Monday, April 21, 2014

Tito and Tesla

On Saturday, Mark departed back to the US, and I switched over from hotel (business) to hostel (personal). It was still grey and rainy, and I was semi-miserable. I hadn't seen the sun in days, and I was starting to wilt.

I checked into the hostel and dropped my stuff, then decided to venture out into the city to visit the Mausoleum of Tito, which was not too far by bus from the center of town.  I wandered over towards the bus stop, and began to see cracks of blue in the grey skies.  I prayed it would burn through.

I got to the bus stop and found the right bus.  I had figured I would buy the ticket on the bus, but they don't sell bus tickets on the bus-- you have to have a card.  But I was already on, so I rolled with it.  My Serbian friends had mentioned that the ticket checkers were not out over the Easter weekend, but I still felt a little skittish.  Especially because I swore I heard a walky-talkie on the bus.

But it was fine, and I got off at the stop between Old and New Belgrade.  I got my tickets for the Tito Mausoleum and Museum of Yugoslav History.  As I was wandering through the gardens, the sun was starting to peek out.

At the Museum of Yugoslav History, there were all sorts of objects from the different regions that comprised Yugoslavia.  Costumes and dresses from Montenegro, Croatia.  Bosnian swords and Slovenian ornamental flasks. It was interesting, but it was a little strange because there were also a number of gifts to Yugoslavia from different countries so it was a little discordant.  

As I exited the museum the sun was finally out, and I caught its rays.  I can't begin to express my joy when the warming light hit my face after days in the grey.  I sat outside Tito's final resting place, soaking in the light. 

I visited Tito's Mausoleum, which had pictures of Tito connecting with other world leaders of the Non-Aligned Movement.  It also had an interesting collection of intricate ornamental batons from across Yugoslavia.  On Tito's birthday, youth would run relays and pass these ornamental batons on from their villages to reach the dear leader.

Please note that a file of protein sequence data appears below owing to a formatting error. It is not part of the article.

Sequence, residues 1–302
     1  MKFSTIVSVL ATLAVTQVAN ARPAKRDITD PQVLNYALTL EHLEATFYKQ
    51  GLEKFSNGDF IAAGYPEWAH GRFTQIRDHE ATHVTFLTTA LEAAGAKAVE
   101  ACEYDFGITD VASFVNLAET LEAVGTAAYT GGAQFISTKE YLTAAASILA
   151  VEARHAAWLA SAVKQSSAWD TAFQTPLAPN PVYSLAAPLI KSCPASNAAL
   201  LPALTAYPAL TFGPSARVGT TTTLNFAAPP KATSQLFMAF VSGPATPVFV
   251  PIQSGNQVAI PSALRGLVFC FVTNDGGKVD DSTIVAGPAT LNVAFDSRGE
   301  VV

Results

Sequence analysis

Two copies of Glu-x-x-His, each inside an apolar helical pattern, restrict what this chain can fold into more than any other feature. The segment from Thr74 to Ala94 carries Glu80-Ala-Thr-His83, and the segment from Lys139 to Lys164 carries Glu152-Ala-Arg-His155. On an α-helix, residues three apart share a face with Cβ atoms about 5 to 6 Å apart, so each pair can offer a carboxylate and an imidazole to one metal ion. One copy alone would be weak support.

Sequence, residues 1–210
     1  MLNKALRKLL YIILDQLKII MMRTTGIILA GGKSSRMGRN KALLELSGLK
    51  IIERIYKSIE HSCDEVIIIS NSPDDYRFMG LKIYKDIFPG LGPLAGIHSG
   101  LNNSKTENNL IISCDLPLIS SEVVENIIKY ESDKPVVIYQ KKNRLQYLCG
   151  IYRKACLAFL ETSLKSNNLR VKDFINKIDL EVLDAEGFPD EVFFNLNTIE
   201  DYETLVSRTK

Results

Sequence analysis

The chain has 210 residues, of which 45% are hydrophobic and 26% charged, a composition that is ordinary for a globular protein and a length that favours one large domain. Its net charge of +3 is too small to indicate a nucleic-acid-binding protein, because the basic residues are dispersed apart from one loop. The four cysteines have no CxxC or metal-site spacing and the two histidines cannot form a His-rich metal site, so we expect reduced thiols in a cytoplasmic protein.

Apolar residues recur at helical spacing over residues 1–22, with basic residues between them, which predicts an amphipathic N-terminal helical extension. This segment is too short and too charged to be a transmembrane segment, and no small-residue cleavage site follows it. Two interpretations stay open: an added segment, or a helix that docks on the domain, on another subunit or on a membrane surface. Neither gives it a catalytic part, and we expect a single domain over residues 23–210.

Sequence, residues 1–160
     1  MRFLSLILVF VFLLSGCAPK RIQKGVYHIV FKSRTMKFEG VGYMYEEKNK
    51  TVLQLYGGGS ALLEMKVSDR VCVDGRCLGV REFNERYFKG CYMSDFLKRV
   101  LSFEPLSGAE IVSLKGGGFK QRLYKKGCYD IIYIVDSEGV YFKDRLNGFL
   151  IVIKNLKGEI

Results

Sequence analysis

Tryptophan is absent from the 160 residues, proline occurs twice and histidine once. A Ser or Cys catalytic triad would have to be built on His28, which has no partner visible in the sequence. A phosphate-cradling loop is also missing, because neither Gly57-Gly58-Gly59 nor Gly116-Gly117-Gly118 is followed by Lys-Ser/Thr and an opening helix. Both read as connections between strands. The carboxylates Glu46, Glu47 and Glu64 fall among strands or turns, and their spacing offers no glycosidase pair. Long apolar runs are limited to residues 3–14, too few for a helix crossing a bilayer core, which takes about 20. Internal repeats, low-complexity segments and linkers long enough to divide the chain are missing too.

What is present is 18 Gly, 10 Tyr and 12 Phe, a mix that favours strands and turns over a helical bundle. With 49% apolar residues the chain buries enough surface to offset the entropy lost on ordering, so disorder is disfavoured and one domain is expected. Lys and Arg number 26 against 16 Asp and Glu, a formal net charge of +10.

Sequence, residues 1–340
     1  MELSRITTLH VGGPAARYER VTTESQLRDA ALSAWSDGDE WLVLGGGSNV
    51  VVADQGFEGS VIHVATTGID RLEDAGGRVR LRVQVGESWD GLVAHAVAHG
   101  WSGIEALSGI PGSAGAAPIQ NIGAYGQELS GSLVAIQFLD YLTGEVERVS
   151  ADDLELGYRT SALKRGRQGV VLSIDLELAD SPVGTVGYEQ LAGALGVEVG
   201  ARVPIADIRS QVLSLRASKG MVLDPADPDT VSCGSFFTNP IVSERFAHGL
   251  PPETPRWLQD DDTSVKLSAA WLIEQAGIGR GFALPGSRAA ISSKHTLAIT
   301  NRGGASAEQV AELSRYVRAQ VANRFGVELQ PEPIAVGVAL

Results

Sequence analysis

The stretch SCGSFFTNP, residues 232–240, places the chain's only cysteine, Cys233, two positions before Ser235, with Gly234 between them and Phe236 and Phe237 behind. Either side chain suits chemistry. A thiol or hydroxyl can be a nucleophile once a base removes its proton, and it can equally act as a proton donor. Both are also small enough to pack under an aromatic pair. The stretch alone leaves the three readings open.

I saw Tito's marble coffin slab--thankfully he was not pickled like Chairman Mao and Uncle Ho.

I left the grounds and found a kiosk where I could purchase a bus pass to get back.  I got a loaded pass just as the bus pulled up and I jumped on it.

I headed back into the city, stopping for lunch at a Serbian fast food joint for pljeskivica, a giant Balkan hamburger, which came with tomatoes, onions and cucumbers and slathered with curry ketchup and fries covered with tartar sauce (different than the American version).  Since it was Passover, I had to eat it without bread.  But the fastfood place had no forks or knives.  So they cut the burger up into little pieces and I ate the meal with a toothpick.

After lunch, I wandered over to the Nikola Tesla Museum, which had demonstrations of the genius' inventions.  I wandered through some of his letters to famous friends and his book collections.  I also saw the urn holding the ashes of Mr. Tesla.  

After, I headed over to the Historical Museum of Serbia. which had some interesting exhibits on the Serb war heroes killed in the Communist take-over of the country, and the work of the OZNA (Yugoslav KGB). It gave a very interesting history of the forced collectivizatios, which the Yugoslav peasants and farmers fought bitterly.  There was also something that made me shudder.  It was something detailing the torture used by the Communists, including detailing a form of torture now known as waterboarding.  This technique apparently dates back to the Spanish Inquisition.  Nice work Bushies, you used the same techniques as Torquemada's goons.

I returned later to meet my Belgrade b-boy friends in their breakdance practice spot in the Belgrade Metro.  After their practice session, with its requisite flips and dips, we hung out in the park pre-gaming and then went dancing until the wee hours of the morn in a smoky club.

I woke up late on Easter Sunday to a beautiful sunny day.  I wandered through the city down to the immense Saint Sava Basilica to see some of the Easter services.  From there, I meandered back to St. Mark's Cathedral and back into the city center.

In the sun, the city had changed completely.  People were out strolling through the pedestrian boulevard, and sipping coffee in street cafes.

I made my way to the sun-drenched fort where families were out meandering about.  

Later in the evening, I met my friend Andejlko at his family house for an Easter feast that his mother had prepared.  I drank homemade apple rakije (brandy) and ate delicious Russian salad (potatoes, peas, eggs and chicken salami) and a wonderful mushroom stew.  There was a delicious dish of ground beef rolled up with hard-boiled eggs in the middle.  It was all delicious.  And mothers of the world are all the same.

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